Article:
Funny thing is, I seem to have emerged from my slumber with a hankering to write horror. Maybe it’s because my life is beset by uncertainty lately? I dunno, but I went camping this past weekend and spent a lot of time thinking about camping horror stories, from ghost stories told around fires when I was young to Kelly Link’s weirdly funny-but-chilling “Monster” to Friday the 13th movies, and I thought: I want to contribute something to that proud tradition. So I started mulling things over, thinking of cool stuff I could include — newts, banana slugs, pit toilets, sinister park rangers, the inside-a-coffin blackness of two a.m., the weirdos in the campsites nearby, etc. I started thinking of a character, the kind of character who might go camping alone, in the off season, and why, and what he might encounter.

My brain latched onto the idea like a starving bear mauling a honeycomb. Apparently my mind has been dying to chew over a nice fictional scenario and make the bits fit together. You’d think the imagination muscles would go flaccid after being left unexercised for weeks, but apparently my brain has better reserves than my abdominal muscles; I feel awake, invigorated, and profoundly interested in the mental puzzle in a way I haven’t been in a while.

I don’t know if the story will turn out well — I’m going to start writing it after I post this — but this feeling, the putting-things-together, the “Ooh, what if,” the “Wow, can I get away with that?” feeling, it’s one of the main reasons I write. When I’m putting together a story in my head, I feel like I finally remember what I’m doing here on this weird planet full of narrative-loving apex predator apes.



I have an 18-month-old son, and he’s starting to pretend.

These are not yet the elaborate imagination games that my six-year-old nephew plays (though they largely revolve around off-the-shelf imagination material like superheroes and pokemon cards; I can only hope he’s doing some mental mash-ups, pitting Charmander against Batman as I used to pit my G.I. Joes against my Transformers). I’m no developmental specialist, but I know its probably not yet “playing pretend” as it is conventionally understood; it may instead just be modeling and imitating our behavior. We have an old cell phone with no battery we let him carry around, and he flips it open and holds it to his head and says (I swear) “Blah blah blah blah.” He’ll hold it up to our ears, we’ll pretend chat, and then he’ll take it back. This is proto-pretending, and imitation eventually shifts into invention.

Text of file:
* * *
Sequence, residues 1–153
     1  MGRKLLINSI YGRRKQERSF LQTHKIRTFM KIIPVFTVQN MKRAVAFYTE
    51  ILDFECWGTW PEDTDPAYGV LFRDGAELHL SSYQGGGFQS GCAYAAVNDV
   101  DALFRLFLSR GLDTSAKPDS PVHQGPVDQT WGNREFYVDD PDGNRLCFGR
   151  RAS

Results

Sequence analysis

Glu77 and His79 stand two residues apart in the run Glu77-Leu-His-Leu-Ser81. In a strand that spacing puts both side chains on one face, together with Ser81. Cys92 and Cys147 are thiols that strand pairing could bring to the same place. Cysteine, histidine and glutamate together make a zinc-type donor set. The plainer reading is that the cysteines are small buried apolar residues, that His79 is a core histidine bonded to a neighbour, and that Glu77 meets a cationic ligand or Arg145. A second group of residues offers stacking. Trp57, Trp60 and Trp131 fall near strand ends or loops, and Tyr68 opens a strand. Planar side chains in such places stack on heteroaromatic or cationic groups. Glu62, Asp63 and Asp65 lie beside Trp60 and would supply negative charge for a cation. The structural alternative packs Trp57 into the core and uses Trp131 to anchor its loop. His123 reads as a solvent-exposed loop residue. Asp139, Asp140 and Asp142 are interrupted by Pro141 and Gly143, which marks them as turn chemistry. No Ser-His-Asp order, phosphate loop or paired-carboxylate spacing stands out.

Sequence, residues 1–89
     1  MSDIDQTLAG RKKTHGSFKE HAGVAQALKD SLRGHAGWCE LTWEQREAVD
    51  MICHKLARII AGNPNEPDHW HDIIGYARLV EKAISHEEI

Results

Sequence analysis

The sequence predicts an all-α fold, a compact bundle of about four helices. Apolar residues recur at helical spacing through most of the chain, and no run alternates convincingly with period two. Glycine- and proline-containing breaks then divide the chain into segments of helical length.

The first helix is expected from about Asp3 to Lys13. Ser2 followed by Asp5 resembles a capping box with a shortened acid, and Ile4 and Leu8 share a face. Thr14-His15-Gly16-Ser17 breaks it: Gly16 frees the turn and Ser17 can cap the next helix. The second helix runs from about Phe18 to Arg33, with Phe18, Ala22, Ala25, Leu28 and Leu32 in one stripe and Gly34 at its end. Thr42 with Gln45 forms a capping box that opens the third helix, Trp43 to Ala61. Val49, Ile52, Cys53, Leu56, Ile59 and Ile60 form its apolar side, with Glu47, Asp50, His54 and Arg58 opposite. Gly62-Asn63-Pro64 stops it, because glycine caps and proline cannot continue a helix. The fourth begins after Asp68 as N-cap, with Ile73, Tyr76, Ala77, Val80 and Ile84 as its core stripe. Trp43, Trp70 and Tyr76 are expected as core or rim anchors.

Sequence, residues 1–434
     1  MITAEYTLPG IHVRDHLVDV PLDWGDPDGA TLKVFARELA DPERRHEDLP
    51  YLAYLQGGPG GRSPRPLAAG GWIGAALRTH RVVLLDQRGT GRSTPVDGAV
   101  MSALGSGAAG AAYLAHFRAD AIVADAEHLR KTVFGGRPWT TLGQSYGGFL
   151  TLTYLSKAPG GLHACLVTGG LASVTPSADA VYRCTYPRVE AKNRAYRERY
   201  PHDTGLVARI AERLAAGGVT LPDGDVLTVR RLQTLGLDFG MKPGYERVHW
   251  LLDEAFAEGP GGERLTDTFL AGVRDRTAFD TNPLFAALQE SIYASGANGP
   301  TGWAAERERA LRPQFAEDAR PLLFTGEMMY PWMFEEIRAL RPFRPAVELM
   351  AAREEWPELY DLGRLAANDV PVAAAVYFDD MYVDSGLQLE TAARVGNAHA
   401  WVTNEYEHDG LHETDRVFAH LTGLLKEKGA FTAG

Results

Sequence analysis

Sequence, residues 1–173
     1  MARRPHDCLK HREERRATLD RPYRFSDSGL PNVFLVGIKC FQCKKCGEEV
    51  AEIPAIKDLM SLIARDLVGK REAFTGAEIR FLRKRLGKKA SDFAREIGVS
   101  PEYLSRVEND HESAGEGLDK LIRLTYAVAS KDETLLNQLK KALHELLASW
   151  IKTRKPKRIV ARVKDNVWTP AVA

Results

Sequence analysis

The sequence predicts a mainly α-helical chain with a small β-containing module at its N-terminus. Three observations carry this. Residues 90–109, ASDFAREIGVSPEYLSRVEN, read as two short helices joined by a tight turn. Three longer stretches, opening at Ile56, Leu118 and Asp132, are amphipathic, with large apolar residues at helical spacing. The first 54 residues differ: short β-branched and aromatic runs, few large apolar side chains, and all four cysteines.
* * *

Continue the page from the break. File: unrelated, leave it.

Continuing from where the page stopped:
Our son has two identical little stuffed bears (his loveys), and he’ll hold them up and point them at each other and babble, bang them together and throw them in the air and go “whee” — that’s not imitating anything we do, so what can it be but playing pretend? And who knows what he’s pretending? When he was very little we used to watch him sleep, watch his eyes flutter in a dream, and wonder, what is he dreaming about? The joys of milk? The terror of the vacuum cleaner? Now he’s been more places (Hawaii, Indiana, Wisconsin, countless parks), and done many things, and his mental palette is filled with new colors. He will sit and play quietly, absorbed, for relatively long periods. (I hear him rattling things and talking to himself in his quiet nonsense language as I write this.) He is clearly the hero of his own story already, sometimes the blessed prince who rules all he surveys with a vast benevolence, sometimes the oppressed unfortunate who can only throw himself headlong on the grass and bellow about the unfairness of being denied the opportunity to run in traffic or pet mangy stray dogs. He’s interested in everything; he’s putting together the world; he’s learning to make stories with himself at the center. It makes me think about the importance of story. Stories tell us how to live in the world. (Or how not to.) Having him, watching him grow up, is almost like growing up again myself.